Pleasant Memories of Pleasant Lands/Preface
A traveller in climes so generally visited, as those which have given subjects to the present volume, will find it difficult to say what has not been said before. By every celebrated stream or mountain, amid the ivy of every mouldering ruin, at the gate of every castle, palace and cathedral, he doubtless met other travellers, with their note-books; and what he saw and described, they also may see and describe, perchance with a more glowing pencil.
Yet if he must resign the prospect of finding untrodden paths, he may still fix upon some spots where it will be profitable both to muse and to record impressions; and if he forfeit all right of discovery, may at least retain the power of promoting pleasurable feelings. With such hopes the following pages have been drawn forth and modified from the notes of a Journal regularly kept, during a tour which occupied the greater part of a year.
Their writer has not sought to dwell upon the dark shades of the countries that it was her privilege to visit. It might have been easy to fix the eye upon the blemishes that appertain to each, as it is to discern foibles in the most exalted character. Yet it is but a losing office to quit our own quiet fireside, and throw ourselves upon the stormy billows, for the sake of finding fault. This might be done with less fatigue and peril at home. She might doubtless have found a thorn here and there, but the rose was sweeter, and she preferred rather to press the flower, than to preserve the thorn. She might easily have gathered stinging nettles or brambles, but what she has avoided, multitudes who go the same road can find, and cull if they choose. So the lovers of poignancy may be gratified, from many sources, should they be compelled to pronounce this volume vapid and void of discrimination.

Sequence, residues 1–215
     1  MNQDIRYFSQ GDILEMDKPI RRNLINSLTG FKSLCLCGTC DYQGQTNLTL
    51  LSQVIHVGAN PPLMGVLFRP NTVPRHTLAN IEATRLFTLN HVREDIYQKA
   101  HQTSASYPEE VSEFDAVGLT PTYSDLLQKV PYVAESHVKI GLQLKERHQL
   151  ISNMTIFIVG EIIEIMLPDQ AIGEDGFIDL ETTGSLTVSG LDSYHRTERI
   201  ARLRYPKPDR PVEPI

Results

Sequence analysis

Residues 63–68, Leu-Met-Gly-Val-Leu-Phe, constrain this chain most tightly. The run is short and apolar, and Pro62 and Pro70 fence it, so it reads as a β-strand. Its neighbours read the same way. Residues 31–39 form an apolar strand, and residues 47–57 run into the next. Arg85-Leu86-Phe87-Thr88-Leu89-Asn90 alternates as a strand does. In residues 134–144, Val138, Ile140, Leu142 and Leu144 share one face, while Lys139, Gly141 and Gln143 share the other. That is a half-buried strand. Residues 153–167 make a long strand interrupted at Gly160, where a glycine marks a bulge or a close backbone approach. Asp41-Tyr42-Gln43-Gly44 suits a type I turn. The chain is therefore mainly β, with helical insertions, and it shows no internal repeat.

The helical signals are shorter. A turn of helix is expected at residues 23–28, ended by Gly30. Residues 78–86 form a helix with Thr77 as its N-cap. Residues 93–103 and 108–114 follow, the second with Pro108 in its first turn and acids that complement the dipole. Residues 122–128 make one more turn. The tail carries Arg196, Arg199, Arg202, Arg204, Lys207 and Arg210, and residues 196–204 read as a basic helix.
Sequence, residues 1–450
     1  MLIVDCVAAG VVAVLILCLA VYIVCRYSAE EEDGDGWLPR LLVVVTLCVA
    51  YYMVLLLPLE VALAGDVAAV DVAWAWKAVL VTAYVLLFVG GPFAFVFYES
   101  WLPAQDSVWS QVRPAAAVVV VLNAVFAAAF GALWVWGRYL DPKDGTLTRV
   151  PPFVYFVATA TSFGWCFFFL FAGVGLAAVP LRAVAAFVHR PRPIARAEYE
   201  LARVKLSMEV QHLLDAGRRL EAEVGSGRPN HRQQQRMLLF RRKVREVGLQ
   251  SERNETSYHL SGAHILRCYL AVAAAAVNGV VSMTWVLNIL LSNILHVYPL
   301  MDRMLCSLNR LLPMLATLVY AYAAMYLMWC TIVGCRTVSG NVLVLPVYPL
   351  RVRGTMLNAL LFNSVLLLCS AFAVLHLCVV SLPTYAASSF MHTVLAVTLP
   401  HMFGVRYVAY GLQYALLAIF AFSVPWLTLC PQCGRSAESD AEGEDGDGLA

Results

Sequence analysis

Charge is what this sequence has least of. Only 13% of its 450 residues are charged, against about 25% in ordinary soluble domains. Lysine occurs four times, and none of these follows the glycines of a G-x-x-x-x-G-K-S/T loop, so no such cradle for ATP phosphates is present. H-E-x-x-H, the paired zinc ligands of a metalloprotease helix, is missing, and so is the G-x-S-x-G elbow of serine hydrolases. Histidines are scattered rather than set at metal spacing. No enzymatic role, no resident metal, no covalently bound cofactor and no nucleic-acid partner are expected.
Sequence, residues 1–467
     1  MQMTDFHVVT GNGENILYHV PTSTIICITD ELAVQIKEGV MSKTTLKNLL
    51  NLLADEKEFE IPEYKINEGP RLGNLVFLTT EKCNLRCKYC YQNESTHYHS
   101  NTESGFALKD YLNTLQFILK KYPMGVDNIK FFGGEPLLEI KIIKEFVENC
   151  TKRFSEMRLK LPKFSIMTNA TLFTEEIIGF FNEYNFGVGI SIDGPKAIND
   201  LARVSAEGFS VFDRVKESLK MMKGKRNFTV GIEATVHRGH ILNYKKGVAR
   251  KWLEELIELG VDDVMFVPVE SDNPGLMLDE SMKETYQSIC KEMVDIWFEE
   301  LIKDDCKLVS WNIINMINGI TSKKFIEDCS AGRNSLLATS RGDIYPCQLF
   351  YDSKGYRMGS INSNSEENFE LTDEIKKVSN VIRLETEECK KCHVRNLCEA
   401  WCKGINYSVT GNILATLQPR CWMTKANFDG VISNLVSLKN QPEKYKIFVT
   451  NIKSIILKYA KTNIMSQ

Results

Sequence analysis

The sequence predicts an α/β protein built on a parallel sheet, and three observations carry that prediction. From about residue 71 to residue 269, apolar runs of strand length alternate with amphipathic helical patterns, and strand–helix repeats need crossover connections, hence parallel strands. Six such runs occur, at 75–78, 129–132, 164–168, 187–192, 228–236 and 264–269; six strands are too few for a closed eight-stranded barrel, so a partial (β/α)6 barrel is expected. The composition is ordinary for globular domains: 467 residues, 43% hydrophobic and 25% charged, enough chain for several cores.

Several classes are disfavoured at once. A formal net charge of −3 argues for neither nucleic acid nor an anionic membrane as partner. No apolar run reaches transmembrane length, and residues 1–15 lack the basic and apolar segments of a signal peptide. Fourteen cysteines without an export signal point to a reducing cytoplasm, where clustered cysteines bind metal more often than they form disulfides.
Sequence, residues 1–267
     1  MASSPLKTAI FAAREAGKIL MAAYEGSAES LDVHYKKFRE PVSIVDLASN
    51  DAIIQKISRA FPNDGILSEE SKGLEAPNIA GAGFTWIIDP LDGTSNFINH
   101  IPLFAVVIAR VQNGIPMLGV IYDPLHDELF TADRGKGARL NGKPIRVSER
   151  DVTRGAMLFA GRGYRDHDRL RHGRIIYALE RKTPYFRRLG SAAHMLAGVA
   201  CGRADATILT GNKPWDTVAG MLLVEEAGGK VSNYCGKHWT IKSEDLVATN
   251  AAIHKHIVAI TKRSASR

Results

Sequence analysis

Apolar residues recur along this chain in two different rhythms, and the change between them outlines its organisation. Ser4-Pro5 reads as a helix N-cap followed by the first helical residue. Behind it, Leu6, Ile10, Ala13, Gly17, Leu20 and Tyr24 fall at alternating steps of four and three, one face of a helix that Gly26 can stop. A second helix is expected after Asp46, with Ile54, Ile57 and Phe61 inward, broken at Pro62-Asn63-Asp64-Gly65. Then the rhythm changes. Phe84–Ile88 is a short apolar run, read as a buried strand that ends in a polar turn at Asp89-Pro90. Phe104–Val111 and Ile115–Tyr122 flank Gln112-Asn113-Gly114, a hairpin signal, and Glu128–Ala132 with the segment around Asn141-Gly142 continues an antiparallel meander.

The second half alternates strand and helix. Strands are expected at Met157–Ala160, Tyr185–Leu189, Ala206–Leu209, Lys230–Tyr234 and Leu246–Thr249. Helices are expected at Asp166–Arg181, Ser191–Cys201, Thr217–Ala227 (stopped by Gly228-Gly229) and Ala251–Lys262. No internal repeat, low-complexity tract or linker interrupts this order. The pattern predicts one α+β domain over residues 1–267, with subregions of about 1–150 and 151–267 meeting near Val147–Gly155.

"When I have called the bad, bad" says Goethe, "how much is gained by that? He who would work aright, had better busy himself to show forth and to do that which is good." And, methinks, he who leaves his native land, to take note of foreign realms, and is brought again in safety to his own home and people, owes not only a great debt of gratitude to his Preserver but a new service of charity to those whom He has made. It would seem that an obligation was laid on him not to use the knowledge thus acquired to embarrass and embroil God's creatures, but to throw a filament of love, though it were only as a spider's web, to strengthen the amity of the nations.
And now, dear reader, if any such there be, who shall have patiently plodded through these my pages, thou art, for this very kindness, as a brother or sister unto me. And as we have here communed together of pleasant things, without perchance having seen each other's faces in the flesh, may we be so blessed as to dwell together in that country where no stranger sorroweth, where no wanderer goeth forth from his home with tears, and "where there is no more sea."
L. H. S.